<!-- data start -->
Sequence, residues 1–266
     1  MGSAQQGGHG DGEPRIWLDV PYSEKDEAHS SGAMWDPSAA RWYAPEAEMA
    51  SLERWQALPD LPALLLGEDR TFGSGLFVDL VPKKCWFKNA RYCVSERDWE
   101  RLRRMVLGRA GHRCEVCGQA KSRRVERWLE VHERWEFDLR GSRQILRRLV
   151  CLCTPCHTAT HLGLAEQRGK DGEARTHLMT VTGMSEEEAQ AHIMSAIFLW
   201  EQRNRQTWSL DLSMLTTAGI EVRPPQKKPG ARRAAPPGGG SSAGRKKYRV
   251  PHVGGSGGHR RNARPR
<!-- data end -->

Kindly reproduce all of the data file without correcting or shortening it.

Sequence, residues 1–266
     1  MGSAQQGGHG DGEPRIWLDV PYSEKDEAHS SGAMWDPSAA RWYAPEAEMA
    51  SLERWQALPD LPALLLGEDR TFGSGLFVDL VPKKCWFKNA RYCVSERDWE
   101  RLRRMVLGRA GHRCEVCGQA KSRRVERWLE VHERWEFDLR GSRQILRRLV
   151  CLCTPCHTAT HLGLAEQRGK DGEARTHLMT VTGMSEEEAQ AHIMSAIFLW
   201  EQRNRQTWSL DLSMLTTAGI EVRPPQKKPG ARRAAPPGGG SSAGRKKYRV
   251  PHVGGSGGHR RNARPR